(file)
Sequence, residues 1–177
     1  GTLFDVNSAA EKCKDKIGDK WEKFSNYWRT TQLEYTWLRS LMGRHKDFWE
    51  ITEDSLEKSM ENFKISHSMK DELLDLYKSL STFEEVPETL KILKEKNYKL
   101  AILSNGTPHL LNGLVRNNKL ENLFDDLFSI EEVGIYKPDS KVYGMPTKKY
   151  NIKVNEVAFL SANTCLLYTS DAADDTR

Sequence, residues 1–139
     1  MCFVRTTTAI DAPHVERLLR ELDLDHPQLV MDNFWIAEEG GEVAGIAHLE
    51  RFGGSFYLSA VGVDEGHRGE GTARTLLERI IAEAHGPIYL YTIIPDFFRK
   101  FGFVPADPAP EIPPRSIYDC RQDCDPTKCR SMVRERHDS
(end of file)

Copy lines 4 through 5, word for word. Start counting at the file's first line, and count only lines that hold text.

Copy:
   101  AILSNGTPHL LNGLVRNNKL ENLFDDLFSI EEVGIYKPDS KVYGMPTKKY
   151  NIKVNEVAFL SANTCLLYTS DAADDTR